The Duroc pig can look intimidating on the surface, but never judge a book by its cover. However, this is definitely not a house pig to have around the house.
Even though these pigs are considered a popular commercial breed by meat producers, they still make great show pigs. And, since this pig is one of the gentlest pigs out there, it is an excellent choice if you want to breed stout, muscular pigs. Historically, this pig has been a top choice for breeders and hog farmers. And it is a prime choice for hog farmers because of its ability to gain weight on less feed.
The breed originates in the United States since the 1800s, first dating back to 1830, when the Duroc was bred with the Duroc Strain, a New York pig, and the Jersey Red. White Durocs were crossbred with its red brethren, along with the Landrace and Large white breeds. The true origins of this pig is up for debate. Some theories hold that they came from Spain or Portugal, and some even espouse the theory that they hogs came on Christopher Columbus' voyage to the Americas. In the 1930s, they were the number one for hog farmers, and have remained so throughout the 1900s.
The breed was named after a prized horse, the only breed of pig named after another species. They were appreciated as show hogs until the 1950s, until commercial farming picked them up as a good breeding and meat source, due to their strong muscle growth and tantalizing meat.
These pigs are especially well known for producing succulent spare ribs. However, they are still known for making the rounds at hog shows across the country.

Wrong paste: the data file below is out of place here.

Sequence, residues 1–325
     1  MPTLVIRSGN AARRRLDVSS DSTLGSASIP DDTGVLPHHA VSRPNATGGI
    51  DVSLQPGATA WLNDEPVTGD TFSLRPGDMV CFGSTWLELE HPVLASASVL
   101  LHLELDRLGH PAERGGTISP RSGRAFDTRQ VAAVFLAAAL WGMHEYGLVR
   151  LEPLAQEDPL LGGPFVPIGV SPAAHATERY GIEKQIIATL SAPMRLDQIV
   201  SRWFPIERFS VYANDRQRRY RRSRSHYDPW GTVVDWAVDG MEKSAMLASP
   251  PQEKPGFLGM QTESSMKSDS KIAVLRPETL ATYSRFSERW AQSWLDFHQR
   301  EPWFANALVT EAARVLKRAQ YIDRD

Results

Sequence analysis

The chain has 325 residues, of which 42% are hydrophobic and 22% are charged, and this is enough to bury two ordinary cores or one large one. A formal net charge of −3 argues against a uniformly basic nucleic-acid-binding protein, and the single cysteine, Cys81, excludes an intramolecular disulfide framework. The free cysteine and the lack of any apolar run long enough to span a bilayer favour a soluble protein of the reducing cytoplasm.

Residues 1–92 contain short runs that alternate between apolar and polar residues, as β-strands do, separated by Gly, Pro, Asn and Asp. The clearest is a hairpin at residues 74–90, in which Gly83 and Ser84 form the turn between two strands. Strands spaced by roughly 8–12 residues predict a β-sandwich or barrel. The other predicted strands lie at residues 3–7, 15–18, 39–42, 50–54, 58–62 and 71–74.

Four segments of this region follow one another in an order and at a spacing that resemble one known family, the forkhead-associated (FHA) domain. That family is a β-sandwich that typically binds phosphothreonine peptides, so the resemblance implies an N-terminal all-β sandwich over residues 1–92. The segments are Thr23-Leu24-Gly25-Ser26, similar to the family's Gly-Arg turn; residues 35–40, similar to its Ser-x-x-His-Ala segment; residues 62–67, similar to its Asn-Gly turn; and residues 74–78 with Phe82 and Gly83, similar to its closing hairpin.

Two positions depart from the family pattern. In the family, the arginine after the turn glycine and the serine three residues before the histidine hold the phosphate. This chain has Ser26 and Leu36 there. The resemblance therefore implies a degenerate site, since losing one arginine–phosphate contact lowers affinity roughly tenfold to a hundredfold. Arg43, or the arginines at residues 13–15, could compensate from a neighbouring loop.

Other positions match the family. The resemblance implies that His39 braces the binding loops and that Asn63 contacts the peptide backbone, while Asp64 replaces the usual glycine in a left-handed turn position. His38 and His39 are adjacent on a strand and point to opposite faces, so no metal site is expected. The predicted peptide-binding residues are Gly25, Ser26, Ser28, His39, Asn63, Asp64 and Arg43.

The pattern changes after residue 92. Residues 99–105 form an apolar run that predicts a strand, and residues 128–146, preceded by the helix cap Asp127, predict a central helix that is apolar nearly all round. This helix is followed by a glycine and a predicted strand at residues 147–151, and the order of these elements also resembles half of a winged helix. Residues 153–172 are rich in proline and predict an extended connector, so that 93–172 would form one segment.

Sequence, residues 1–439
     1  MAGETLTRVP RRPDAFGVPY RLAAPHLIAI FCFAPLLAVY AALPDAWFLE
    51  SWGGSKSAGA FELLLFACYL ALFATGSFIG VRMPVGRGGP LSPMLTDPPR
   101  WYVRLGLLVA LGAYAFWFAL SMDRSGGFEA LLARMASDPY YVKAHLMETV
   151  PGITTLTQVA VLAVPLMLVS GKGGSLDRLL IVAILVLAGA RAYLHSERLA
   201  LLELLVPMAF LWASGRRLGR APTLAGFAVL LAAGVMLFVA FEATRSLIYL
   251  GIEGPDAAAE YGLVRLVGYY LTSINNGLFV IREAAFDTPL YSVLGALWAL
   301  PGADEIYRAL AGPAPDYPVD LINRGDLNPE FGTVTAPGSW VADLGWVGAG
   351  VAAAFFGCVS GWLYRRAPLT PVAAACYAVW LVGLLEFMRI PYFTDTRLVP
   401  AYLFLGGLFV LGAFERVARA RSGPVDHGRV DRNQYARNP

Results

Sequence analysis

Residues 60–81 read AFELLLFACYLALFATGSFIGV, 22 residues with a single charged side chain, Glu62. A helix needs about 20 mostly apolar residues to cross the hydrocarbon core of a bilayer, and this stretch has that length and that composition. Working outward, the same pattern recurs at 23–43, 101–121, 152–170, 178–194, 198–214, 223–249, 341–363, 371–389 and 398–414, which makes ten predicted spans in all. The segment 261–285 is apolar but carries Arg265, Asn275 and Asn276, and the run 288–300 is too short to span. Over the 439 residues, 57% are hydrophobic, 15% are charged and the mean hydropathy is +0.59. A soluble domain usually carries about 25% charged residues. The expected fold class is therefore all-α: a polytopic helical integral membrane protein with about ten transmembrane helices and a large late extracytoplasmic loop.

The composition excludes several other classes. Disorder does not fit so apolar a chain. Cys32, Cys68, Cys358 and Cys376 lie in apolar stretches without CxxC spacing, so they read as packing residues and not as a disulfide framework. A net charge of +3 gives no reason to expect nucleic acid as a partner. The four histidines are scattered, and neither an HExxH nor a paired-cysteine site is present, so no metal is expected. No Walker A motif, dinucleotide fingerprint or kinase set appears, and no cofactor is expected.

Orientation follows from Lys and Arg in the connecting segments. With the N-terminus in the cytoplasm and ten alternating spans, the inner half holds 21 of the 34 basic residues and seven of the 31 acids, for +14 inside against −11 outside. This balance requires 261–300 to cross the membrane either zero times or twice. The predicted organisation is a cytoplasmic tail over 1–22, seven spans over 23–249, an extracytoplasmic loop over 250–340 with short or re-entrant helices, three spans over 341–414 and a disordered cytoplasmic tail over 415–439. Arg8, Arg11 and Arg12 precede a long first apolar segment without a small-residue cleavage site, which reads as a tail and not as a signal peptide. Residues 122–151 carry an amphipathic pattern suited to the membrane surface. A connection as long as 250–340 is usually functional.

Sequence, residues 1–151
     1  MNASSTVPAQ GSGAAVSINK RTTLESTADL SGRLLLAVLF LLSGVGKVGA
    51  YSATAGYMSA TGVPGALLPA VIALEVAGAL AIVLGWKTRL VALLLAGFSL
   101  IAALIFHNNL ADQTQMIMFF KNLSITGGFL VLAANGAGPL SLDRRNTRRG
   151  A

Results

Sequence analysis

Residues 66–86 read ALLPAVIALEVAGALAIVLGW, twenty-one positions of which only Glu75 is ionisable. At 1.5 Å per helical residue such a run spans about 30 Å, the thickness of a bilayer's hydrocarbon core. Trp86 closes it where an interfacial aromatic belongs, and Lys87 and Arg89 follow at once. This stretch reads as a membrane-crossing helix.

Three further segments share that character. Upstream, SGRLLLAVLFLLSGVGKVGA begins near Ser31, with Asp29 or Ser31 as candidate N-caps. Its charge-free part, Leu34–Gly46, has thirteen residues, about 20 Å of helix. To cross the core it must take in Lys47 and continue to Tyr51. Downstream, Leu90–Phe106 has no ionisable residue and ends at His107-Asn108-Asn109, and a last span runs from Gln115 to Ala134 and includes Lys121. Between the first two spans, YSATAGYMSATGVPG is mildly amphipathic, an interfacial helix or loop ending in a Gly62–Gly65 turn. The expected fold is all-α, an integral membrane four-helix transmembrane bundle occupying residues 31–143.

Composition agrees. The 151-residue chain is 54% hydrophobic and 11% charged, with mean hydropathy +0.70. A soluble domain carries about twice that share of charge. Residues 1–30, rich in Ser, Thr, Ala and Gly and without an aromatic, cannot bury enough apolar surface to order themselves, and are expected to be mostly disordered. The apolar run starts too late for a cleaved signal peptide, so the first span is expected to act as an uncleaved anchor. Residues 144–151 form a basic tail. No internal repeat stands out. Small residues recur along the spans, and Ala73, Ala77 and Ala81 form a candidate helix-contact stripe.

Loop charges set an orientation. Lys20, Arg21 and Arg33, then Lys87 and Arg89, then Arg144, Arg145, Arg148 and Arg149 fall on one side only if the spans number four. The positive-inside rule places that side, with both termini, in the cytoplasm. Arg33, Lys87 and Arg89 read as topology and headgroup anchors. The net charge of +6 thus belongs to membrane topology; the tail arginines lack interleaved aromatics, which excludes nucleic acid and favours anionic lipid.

Like the Large Black Hog of Britain, it has droopy ears that tend to cover the face. The pig comes in a predominantly reddish color, but can also come in golden brown, yellow, and sometimes mahogany. They can grow up to three feet and can weigh over 300 pounds.
Even though they are a great choice for breeders who prefer large hogs, they may spell some trouble for those who are looking to display these animals as show pigs, since they can be stubborn when it comes to training. Also, the mothers generally make poor nurturers for their piglets. If you're looking for a pet pig, you may want to stick with a miniature pig, teacup, or Vietnamese hog, since they Durocs grow on the larger end of the scale. If you're a breeder and have the space, they are easy to manage, cheap to feed, and will sire plenty of robust piglets.
Photos from Ensign Therapy